The Pirie family says they are well-seasoned when it comes to emergency room visits for their two-year-old son Cohen.
He was born premature, delivered at 27 weeks gestation and has been diagnosed with chronic lung disease, bronchopulmonary dysplasia and asthma, which make him prone to respiratory illness.
“Every time Cohen coughs I have a shot of anxiety,” said his father Matthew Pirie.
In November, Cohen fell ill and was transported to McMaster Children’s Hospital by ambulance for treatment.
“I woke Matt up and we decided an ambulance was out best course of action,” said Alysha Pirie, but when they arrived at the hospital, they were surprised by what they saw.
“The waiting room was just packed. … it was chaos.”
Cohen was given the last available bed in the emergency room, a resuscitation room.
“We were placed in a resuscitation room — they have two or three — they are used for very high urgency care. We were placed there primarily because it was the only place left,” Matthew said.
“We made a comment to one of the nurses, we asked ‘so what happens if another urgent case comes in,’ because all the resuscitation rooms are full and everywhere else was full. She kind of laughed and said ‘I have no idea.'”
Cohen spent two days at McMaster Children’s hospital before being transferred to Joseph Brant Hospital where he was treated and eventually released, but just one week later the family found themselves back at the hospital.
Cohen fell ill again — this time with RSV — and the family spent another two days in the ER before being admitted to hospital.
“This far there has always been at least a bed available, but I don’t know when our luck is going to break and there isn’t going to be a bed available,” said Alysha.
Pediatric hospitals across Ontario have been reporting a wave of critically ill pediatric patients which has led to never-before-seen demand on emergency rooms — forcing health-care facilities to redeploy resources to manage patient volumes.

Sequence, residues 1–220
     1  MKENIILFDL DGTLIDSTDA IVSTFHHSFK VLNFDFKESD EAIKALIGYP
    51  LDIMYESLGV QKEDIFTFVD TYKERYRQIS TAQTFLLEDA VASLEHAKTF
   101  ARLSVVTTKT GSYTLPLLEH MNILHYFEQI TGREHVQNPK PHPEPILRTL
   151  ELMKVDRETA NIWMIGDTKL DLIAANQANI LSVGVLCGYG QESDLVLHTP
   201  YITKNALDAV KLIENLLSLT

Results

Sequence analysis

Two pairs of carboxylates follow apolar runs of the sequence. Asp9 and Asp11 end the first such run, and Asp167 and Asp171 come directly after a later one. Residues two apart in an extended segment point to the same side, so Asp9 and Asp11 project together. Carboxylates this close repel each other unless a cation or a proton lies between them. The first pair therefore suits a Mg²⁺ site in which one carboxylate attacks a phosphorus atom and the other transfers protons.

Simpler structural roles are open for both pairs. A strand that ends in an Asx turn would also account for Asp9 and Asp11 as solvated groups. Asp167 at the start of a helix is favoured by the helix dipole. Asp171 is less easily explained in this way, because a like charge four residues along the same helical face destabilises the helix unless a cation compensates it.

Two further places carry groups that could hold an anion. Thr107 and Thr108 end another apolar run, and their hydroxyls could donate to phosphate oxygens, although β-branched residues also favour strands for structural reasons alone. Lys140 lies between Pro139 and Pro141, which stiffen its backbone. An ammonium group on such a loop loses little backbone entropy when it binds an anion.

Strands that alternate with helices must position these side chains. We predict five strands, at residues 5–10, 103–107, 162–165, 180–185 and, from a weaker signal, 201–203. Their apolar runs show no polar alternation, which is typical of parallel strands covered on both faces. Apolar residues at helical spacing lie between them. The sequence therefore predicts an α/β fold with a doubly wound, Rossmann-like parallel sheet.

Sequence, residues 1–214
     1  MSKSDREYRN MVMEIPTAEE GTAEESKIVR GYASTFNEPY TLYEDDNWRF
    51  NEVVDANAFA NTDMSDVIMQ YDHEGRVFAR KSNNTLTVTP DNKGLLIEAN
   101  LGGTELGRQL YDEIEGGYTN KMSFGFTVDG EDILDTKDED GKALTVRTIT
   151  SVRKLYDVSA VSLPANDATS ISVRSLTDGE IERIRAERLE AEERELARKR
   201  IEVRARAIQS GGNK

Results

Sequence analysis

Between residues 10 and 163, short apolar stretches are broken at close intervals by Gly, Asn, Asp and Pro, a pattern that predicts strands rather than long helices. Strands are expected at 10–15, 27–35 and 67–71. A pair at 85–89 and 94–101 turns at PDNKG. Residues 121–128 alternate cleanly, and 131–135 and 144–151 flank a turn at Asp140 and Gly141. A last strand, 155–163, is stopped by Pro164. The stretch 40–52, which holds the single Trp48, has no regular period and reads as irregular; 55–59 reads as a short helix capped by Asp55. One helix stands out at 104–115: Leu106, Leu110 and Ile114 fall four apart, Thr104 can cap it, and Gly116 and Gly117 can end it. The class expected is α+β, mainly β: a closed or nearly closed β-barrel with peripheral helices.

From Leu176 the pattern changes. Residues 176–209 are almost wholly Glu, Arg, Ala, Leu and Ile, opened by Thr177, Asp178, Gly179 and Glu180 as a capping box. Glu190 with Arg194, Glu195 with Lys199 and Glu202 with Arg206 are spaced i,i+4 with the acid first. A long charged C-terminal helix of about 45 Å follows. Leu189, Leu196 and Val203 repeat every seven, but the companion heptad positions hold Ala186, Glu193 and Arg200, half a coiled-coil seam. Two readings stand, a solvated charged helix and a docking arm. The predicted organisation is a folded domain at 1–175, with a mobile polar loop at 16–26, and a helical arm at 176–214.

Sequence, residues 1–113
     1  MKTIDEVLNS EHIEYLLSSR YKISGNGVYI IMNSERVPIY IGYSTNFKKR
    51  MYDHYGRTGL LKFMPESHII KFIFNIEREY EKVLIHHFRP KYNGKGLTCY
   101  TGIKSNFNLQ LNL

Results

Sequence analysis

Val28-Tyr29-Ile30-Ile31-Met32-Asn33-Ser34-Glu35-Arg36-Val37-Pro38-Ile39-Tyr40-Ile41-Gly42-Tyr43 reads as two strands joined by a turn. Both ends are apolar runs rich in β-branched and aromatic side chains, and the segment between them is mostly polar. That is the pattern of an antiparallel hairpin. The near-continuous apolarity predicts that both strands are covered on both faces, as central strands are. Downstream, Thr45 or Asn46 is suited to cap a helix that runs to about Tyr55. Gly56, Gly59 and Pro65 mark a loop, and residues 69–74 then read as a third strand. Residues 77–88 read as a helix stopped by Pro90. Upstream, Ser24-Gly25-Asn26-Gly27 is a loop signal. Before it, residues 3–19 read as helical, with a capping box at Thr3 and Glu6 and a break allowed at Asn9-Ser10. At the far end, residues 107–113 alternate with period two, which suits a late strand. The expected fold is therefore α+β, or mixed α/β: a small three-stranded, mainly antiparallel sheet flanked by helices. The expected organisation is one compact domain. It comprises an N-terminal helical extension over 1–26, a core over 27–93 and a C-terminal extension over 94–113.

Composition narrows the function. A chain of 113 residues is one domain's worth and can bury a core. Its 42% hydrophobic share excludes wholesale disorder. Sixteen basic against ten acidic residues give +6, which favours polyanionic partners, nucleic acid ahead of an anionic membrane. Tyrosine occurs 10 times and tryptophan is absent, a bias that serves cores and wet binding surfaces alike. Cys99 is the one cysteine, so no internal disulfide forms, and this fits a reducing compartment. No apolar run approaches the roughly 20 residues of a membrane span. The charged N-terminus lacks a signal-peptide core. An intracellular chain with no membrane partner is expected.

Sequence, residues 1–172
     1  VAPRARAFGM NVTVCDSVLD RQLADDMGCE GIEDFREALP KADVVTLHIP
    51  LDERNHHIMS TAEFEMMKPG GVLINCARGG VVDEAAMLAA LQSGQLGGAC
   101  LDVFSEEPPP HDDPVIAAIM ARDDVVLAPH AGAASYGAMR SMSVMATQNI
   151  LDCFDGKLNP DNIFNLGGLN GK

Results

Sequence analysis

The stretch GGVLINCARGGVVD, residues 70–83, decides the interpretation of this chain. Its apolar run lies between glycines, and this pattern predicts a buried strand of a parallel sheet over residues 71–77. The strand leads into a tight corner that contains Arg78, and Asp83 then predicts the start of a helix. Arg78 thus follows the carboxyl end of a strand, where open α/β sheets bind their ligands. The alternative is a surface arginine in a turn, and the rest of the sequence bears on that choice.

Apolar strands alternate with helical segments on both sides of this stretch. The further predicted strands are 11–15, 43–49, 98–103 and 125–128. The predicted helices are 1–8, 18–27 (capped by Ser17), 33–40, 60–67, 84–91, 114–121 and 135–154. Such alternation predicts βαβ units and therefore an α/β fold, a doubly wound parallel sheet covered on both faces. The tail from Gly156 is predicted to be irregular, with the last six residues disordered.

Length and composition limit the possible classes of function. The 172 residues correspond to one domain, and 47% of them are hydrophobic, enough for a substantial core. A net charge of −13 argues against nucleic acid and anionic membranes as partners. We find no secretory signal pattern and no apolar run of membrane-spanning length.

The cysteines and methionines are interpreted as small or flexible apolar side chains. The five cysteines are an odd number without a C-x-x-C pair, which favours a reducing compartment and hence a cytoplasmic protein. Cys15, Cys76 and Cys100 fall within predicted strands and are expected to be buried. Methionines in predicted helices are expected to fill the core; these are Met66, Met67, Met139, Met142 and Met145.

Some children’s hospitals in the country are running at occupancy rates of over 100 per cent amid a rise in viral illnesses that are typically seen in the fall and winter.
The emergence of respiratory viruses other than COVID-19 and lack of access to primary care is driving the spike in emergency room visits, health-care workers say.
“Almost every single child I have seen has had a respiratory infection,” said pediatric infectious diseases specialist, Dr. Anna Banerji.
“We know that hospitals are overwhelmed. ICUs are overwhelmed and they have tried to accommodate by increasing beds but there is a shortage of staff in many of these hospitals so it’s a really difficult situation.”
Health Minister Sylvia Jones spoke to reporters on Wednesday and said the province has made efforts to lessen the burden on children’s hospitals.
“We have initiatives where SickKids docs are actually educating more and giving information to community hospitals so that they better understand what to do and how to assist a pediatric patient that’s coming in with RSV,” she said.
The Pirie family applauded the health-care worker’s who helped nurse their son back to health.
“We received fantastic care like we always do from the doctors and nurses,” said Matthew. However, he said they are adopting their own precautions to keep Cohen safe and reduce the risk they’ll end up back in an overburdened ER.
“We are very careful. We are fully vaccinated. We wear masks and our daughter wears a mask in school.”
– with files from Global News’ Colin D’Mello and Saba Aziz
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